“If every day is an awakening, you will never grow old. You will just keep growing.” – Gail Sheehy


What is your perception of aging? Do you see aging as an awakening, as Gail Sheehy states? Can you acknowledge the occasional “wear and tear” on your body but reframe it in a positive way? I asked friends to describe what they liked about getting older; some people mentioned feeling more comfortable in their bodies as they aged. Some friends noted that as they have aged, they are more comfortable speaking up and stating an opinion. Others told me, after witnessing the death of loved ones, they clearly saw that life is short and precious and that small gestures of kindness and love often have had the biggest impact on their lives.

It isn’t difficult to read articles in the medical literature about aging that chronicle a gloomy erosion of health and wellness. But consider these aging facts:

  • Mammography is a more effective and sensitive screen in our aging breasts. As the connective tissue and milk ducts and glands are replaced by fatty tissue, the lower breast density improves the accuracy of the mammography screen. Also, less compression and less radiation is needed to adequately screen the less dense breasts. The next time you notice that “sag” in the mirror, smile and know it is a positive development!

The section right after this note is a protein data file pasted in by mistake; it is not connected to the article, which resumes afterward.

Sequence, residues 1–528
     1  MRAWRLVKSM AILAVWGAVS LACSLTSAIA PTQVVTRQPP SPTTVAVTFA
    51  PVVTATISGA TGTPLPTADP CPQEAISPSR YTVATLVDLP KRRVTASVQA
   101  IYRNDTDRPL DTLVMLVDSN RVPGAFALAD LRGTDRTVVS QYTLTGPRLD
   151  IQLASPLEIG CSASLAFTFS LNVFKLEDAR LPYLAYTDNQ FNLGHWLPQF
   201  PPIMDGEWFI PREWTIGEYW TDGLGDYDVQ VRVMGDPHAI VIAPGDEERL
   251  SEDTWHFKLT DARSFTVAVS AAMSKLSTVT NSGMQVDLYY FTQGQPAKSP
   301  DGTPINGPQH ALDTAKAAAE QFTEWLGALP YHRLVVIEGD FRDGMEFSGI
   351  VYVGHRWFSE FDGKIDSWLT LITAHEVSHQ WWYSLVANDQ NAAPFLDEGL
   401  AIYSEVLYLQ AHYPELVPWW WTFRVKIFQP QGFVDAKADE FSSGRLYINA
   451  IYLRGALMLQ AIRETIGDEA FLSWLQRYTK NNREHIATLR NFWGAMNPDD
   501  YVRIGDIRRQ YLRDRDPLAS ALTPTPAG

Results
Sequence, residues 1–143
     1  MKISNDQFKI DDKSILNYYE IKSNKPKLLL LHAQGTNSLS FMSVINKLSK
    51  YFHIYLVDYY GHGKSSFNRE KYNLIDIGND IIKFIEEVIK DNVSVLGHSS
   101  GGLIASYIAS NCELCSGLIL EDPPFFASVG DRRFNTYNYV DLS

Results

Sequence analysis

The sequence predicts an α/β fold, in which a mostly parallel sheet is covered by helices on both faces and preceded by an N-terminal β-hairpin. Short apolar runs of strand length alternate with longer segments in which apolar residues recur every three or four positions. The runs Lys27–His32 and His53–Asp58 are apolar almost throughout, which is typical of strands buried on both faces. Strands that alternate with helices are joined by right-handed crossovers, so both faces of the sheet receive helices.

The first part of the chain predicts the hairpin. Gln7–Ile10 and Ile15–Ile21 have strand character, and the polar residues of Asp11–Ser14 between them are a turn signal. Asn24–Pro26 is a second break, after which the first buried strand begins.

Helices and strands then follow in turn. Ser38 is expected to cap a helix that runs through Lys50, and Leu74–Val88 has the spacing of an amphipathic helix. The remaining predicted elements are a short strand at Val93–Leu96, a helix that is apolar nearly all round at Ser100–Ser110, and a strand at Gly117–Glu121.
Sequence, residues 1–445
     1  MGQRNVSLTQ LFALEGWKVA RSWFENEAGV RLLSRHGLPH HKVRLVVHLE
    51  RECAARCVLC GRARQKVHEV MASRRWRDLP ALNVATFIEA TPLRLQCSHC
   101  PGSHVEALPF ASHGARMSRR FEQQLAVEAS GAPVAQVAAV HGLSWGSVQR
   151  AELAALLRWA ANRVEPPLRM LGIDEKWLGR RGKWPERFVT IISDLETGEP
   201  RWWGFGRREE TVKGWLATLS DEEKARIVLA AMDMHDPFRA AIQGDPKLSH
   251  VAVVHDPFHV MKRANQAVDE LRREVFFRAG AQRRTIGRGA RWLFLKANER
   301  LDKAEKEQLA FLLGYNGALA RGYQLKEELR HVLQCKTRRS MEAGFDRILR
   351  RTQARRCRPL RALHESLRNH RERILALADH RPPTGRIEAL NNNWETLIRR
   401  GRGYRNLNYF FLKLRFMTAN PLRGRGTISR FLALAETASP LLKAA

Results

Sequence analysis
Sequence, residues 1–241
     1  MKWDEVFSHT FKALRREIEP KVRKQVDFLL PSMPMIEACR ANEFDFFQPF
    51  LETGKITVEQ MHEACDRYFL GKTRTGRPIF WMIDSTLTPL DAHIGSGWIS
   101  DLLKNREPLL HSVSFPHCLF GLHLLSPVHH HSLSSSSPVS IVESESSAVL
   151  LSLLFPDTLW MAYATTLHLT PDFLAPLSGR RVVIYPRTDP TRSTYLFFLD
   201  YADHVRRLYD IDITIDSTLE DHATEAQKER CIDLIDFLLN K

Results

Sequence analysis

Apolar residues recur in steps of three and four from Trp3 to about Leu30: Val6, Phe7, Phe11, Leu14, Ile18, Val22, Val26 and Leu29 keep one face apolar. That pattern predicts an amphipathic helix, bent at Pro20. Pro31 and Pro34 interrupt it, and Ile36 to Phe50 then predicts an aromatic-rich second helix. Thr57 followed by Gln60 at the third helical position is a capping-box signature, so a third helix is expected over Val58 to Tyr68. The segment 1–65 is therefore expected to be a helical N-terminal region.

• The cyclic hormonal fluctuations of estrogen and progesterone throughout our reproductive lives are eventually replaced by a low level of hormones with less of a fluctuation; this results in fewer menstrual migraines and less premenstrual syndrome (PMS).
  • Better yet, we know that that lifestyle modifications in the area of nutrition, stress management and exercise work well in our bodies at any age! There are now several studies that show that regular walking or exercises with weights will increase bone density in postmenopausal women.

Dan Buettner, in his book The Blue Zones, looked at areas of the world where a higher percentage of the population live longer and healthier lives. Places like Okinawa, Sardinia, Loma Linda and Costa Rica all had “pockets of longevity” where people lived well into their 90’s without major illnesses. In studying these areas, Buettner noted several lifestyle similarities among these diverse ethnic groups including: eating more vegetables versus protein and processed foods, drinking red wine in moderation, a regular spiritual practice or religious participation, regular exercise or daily movement, having a healthy social network, regular vacations and making family a priority.

Maybe all of that is the definition of “making every day an awakening!”